Highway 101 in Santa Barbara County reopened Sunday, nearly two weeks after a massive mudslide in Montecito closed the busy roadway.
The highway, a key north-south route in California that carries about 100,000 vehicles through the Central Coast each day, was shut down after the roadway was covered by twelve feet of mud and debris following the deadly Jan. 9 mudslide.
Officials had promised the roadway would be reopened in time for the Monday morning commute. On its Twitter page Sunday, the California Department of Transportation announced the reopening shortly after noon.
"Traffic is moving smoothly and freely in both directions," said Jim Shivers, an agency spokesman. "We had a good sense within Caltrans that we would be able to opened around mid-day today, and we're happy we were able to do that."
Motorists should be aware, however, that there will still be some lane closures in the coming days as maintenance and construction crews continue repair work, Shivers said.
The highway was blocked by a large pile of rock and soil, the worst of which accumulated in a quarter-mile section at the Olive Mill Road interchange in Montecito. As one of the lowest points in the city, it proved difficult to clear.
Once the roadway was cleared, the pavement and overpasses had to be evaluated for structural safety, and then signs and guardrails reinstalled and lines repainted, officials said.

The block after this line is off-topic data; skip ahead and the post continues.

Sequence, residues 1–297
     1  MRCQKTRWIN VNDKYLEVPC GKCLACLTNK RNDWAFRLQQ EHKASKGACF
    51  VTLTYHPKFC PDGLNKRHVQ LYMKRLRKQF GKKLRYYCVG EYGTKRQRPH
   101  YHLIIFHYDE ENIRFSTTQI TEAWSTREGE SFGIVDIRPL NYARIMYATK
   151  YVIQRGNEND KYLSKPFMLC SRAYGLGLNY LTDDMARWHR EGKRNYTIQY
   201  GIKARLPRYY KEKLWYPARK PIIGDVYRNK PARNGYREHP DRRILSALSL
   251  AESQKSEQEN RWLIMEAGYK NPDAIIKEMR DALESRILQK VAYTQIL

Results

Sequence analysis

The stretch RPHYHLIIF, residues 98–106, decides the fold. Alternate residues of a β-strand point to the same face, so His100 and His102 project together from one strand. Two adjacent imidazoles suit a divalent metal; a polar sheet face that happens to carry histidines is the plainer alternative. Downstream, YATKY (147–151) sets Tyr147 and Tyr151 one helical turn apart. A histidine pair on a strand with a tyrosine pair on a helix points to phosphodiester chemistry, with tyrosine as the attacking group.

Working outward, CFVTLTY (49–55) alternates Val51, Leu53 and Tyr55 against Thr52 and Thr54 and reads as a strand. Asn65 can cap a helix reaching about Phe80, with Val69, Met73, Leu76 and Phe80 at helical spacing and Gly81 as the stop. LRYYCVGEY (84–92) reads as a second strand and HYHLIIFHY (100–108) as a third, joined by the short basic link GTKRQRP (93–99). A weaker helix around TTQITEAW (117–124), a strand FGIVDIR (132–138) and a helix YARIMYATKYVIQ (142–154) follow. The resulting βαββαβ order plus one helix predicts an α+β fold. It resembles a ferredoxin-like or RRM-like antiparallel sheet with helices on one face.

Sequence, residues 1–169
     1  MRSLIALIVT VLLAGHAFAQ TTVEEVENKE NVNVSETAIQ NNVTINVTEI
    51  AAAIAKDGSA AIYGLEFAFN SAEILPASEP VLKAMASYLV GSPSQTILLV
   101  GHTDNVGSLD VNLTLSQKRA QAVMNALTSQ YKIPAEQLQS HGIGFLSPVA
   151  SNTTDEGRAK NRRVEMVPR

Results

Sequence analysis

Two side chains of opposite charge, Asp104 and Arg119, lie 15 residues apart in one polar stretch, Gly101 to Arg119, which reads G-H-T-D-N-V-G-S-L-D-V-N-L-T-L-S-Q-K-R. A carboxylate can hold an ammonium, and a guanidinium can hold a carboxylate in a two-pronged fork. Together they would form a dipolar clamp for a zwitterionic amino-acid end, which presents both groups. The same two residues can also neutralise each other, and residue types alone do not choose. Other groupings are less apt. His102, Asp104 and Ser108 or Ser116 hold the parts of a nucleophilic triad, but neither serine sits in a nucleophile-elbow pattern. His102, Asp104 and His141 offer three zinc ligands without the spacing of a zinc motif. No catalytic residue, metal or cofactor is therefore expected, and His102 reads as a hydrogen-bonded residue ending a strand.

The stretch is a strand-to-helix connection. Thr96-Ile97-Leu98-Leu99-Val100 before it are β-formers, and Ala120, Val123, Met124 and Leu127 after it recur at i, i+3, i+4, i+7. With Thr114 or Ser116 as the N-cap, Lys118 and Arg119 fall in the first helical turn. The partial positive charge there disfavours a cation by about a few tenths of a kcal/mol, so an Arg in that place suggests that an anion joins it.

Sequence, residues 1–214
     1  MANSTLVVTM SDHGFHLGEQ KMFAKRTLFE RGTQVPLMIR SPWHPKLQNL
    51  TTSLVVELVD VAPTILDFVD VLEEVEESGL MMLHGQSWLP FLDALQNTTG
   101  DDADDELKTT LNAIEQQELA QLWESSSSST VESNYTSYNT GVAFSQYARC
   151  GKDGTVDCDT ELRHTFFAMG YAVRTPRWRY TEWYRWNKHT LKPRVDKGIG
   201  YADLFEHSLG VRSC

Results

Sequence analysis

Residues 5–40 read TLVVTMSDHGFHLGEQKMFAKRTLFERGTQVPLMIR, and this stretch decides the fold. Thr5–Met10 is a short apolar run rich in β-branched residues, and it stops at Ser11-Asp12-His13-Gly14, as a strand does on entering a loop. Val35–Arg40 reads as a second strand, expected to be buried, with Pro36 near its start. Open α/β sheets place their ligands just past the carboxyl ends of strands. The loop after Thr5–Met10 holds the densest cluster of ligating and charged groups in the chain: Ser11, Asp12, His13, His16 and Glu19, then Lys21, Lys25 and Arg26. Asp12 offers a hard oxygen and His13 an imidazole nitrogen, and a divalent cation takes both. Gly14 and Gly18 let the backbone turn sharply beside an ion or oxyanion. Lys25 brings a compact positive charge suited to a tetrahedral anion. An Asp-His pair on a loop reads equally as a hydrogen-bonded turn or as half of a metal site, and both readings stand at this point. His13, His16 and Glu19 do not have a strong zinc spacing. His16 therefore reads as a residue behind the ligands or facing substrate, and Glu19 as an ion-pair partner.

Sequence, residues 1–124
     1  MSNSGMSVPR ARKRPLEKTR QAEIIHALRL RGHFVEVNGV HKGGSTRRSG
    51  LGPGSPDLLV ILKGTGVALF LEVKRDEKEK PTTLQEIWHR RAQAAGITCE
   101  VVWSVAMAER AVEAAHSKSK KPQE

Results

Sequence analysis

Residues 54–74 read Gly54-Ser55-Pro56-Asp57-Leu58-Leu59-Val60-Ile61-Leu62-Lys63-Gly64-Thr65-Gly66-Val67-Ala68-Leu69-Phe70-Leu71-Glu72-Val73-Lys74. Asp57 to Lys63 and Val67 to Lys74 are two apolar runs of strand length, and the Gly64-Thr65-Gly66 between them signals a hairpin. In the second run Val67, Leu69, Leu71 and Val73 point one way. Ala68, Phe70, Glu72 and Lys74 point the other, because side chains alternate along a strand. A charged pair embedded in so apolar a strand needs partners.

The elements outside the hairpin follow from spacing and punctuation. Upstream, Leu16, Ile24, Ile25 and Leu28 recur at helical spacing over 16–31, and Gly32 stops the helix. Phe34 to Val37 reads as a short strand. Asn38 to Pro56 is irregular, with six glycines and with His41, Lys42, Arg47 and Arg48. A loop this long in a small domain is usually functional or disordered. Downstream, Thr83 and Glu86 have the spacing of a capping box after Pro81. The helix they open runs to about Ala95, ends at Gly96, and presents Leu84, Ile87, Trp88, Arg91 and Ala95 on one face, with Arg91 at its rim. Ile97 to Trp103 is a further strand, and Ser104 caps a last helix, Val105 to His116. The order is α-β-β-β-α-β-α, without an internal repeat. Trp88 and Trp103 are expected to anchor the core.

Dozens of Caltrans crew members, aided by private contractors and the Army Corps of Engineers, worked around the clock on the road project, and are still working on clearing the drainage system, Caltrans officials said earlier Sunday.
Off-ramps in both directions of the “recovery zone” will stay closed, officials said, but the on-ramps will be open. It was not clear how long the off-ramps would remain closed.
The massive mudslide turned Santa Barbara County’s fire-ravaged hillsides into rivers of mud, trees and boulders that destroyed more than 100 homes in its path.
On Saturday, a rescue crew combing through debris in Montecito with the help of a dog found the body of 28-year-old Fabiola Benitez Calderon, raising the death toll from the mudslide to 21, officials said.
Benitez Calderon is the fourth member of her family to die in the slide, which was triggered by heavy rain on hillsides destabilized by the Thomas wildfire, the largest recorded in California.
The bodies of her 10-year-old son, Jonathan Benitez; Jonathan’s 3-year-old cousin, Kaily Benitez; and Kaily’s mother, 27-year-old Marilyn Ramos, had already been found.
Hours after the slide, a fifth member of the family, 2-year-old Ian Benitez, was found with his clothes torn off, caked in mud, but alive, nearly a mile from where he had last been seen.
Ian’s father, Victor Benitez, was also injured in the slide.